Larry Schlude, a mathematics teacher for 16 years at Suitland High School, said that although a steady stream of students enter his Prince George's school lacking basic math skills, figures released yesterday show that test scores had "bottomed out."

Schlude was reacting to county ninth graders' scores on state functional math tests, which were released along with the students' functional reading test and citizenship test scores. Countywide, half the ninth graders passed the citizenship test, and the schools scored above the state average in the reading results. But it was the math test that was most vexing to officials: 66 percent of the Prince George's ninth graders passed, an improvement over past years but still lower than the state average of 76 percent.

Schlude, math department head at Suitland, said he was pleased that the school's ninth graders had improved their passing rate on the test, but he conceded more work was needed because the school's average of 46 percent was one of the lowest in the county.

Schlude estimated that the scores have hit a low and are beginning to improve in part because students "can't help but be more cognizant that their careers are dependent upon learning mathematics."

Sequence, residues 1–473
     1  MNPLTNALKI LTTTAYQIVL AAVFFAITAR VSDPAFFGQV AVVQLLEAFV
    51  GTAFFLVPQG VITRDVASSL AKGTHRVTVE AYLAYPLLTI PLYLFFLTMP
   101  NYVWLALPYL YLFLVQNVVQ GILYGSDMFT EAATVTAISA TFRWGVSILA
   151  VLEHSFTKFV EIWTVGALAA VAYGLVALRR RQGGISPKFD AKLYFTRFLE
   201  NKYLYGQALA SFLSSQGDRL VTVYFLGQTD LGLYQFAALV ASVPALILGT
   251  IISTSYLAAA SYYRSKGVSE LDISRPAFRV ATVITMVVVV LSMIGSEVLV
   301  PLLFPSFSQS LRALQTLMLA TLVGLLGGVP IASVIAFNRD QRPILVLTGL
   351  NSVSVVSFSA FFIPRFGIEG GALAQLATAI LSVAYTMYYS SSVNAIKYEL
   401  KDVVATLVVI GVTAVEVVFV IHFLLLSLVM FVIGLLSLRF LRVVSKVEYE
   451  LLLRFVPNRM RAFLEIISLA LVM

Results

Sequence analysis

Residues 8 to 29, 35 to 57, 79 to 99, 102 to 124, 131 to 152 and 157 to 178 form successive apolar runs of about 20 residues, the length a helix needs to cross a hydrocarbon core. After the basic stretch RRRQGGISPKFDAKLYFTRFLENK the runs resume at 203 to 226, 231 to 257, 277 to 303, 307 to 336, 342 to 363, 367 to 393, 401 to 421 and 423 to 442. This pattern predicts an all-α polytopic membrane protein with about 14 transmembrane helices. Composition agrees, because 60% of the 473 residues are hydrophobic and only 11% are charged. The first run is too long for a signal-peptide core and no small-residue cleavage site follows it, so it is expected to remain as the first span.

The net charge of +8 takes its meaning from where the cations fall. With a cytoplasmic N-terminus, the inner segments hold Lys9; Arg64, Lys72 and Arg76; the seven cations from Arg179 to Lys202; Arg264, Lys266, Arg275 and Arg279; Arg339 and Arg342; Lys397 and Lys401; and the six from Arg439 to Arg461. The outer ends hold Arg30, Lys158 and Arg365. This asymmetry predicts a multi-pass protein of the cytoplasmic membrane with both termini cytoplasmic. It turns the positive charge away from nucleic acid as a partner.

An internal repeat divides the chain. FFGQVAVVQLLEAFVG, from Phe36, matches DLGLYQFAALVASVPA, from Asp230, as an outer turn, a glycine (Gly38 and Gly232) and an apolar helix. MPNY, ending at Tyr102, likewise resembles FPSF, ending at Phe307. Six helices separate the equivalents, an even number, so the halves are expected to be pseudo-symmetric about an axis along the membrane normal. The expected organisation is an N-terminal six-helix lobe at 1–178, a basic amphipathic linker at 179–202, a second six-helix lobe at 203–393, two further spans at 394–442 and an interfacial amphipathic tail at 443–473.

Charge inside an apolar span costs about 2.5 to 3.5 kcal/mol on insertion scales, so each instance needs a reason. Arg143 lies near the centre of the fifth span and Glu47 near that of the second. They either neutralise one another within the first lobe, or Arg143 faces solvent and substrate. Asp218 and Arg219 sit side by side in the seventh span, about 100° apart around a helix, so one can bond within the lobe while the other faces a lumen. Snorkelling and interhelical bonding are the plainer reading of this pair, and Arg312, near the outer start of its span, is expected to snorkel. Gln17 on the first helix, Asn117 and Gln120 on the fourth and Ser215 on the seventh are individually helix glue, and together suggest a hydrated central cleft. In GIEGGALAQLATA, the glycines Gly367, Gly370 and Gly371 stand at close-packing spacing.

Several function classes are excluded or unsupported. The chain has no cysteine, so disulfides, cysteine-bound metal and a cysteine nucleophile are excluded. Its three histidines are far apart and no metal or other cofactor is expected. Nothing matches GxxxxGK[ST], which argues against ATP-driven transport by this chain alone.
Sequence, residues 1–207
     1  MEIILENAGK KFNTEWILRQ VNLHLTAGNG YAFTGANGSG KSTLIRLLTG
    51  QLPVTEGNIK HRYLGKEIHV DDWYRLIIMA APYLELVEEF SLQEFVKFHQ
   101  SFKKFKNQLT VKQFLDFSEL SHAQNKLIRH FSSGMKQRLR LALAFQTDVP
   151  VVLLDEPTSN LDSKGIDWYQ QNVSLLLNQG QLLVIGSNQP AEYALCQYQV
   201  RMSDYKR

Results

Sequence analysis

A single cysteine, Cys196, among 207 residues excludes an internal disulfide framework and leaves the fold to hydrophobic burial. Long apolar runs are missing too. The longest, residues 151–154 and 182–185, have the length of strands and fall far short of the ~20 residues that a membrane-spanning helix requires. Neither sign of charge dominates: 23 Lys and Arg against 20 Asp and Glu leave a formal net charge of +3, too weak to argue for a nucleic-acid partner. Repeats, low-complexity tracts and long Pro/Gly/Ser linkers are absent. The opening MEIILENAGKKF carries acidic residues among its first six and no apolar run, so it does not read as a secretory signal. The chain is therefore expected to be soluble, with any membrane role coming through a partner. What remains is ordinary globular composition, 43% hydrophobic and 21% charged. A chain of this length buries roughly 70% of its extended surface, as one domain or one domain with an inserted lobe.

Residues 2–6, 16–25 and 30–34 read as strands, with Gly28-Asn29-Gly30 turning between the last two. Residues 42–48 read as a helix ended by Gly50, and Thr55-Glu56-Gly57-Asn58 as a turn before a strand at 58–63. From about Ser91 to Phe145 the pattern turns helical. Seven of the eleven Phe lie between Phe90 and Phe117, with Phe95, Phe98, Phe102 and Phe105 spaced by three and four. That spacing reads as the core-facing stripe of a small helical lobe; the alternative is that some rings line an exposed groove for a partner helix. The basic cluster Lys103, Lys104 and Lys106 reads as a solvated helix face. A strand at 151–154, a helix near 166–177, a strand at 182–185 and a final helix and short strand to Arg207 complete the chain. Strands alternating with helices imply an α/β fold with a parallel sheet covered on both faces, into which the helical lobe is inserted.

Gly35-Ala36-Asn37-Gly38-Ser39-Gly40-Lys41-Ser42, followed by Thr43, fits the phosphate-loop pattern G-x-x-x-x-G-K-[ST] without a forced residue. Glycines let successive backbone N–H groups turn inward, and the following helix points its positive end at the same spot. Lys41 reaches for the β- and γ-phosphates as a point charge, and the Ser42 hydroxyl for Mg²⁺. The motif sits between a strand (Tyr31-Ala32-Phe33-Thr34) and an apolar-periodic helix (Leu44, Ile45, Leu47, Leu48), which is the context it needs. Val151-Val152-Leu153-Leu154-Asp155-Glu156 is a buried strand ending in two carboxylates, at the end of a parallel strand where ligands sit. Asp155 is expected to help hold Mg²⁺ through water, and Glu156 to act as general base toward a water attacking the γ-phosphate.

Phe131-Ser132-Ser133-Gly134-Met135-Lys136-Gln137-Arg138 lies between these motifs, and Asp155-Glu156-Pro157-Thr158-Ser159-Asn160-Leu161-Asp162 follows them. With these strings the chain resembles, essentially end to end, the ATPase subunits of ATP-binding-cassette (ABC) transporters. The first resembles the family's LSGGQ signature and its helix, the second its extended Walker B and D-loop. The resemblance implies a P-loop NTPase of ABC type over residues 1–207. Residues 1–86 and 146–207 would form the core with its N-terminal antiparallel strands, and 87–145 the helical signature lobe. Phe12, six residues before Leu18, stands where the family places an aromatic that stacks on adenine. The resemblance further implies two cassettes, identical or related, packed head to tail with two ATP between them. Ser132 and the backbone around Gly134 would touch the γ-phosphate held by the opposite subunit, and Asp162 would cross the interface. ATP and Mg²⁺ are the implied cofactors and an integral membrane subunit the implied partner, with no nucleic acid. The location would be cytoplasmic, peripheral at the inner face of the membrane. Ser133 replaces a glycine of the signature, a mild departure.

Schlude said, "The frustration is that you can't begin to teach division until the student has learned the basic multiplication tables."

The countywide math scores improved over the fall of 1983 passing rate of 54 percent. Total figures for 1984 were not available, school officials said.

Results released yesterday showed that students in the county also made improvements on a state citizenship test and functional reading test.

"We're pleased that scores are improving, but we're not satisfied with them as a final product. There is much more that can be done," said Brian J. Porter, school spokesman.

All three tests are required by the state for graduation. The tests are given to all students in the ninth grade, and those who don't pass have two opportunities each school year to pass them, according to county officials.

Fifty percent of the county's ninth graders passed a citizenship test, which was given this spring for the first time as a graduation requirement. Statewide, 58 percent of ninth graders passed the test, which measures students' knowledge of constitutional government, rights and politics.

The test was given experimentally during the spring of 1984, when 38 percent of the county's students passed.

County ninth graders performed well on a functional reading test; 95.8 percent passed the test, compared with the state average 93.9 percent. The county figure was a 4 percent increase over fall of 1983 results.

Officials also released county attendance records with the test results to suggest that the attendance affects student performance.

"If a student's attitude is poor and the student doesn't attend school, their results on standarized tests and other school work are low," Porter said.

At Suitland High School for example, the attendance rate, at 82 percent, is the second poorest in the county and its scores on the functional math and reading scores are also among the lowest. Other schools with corresponding low attendance and test scores are Northwestern and Forestville High Schools.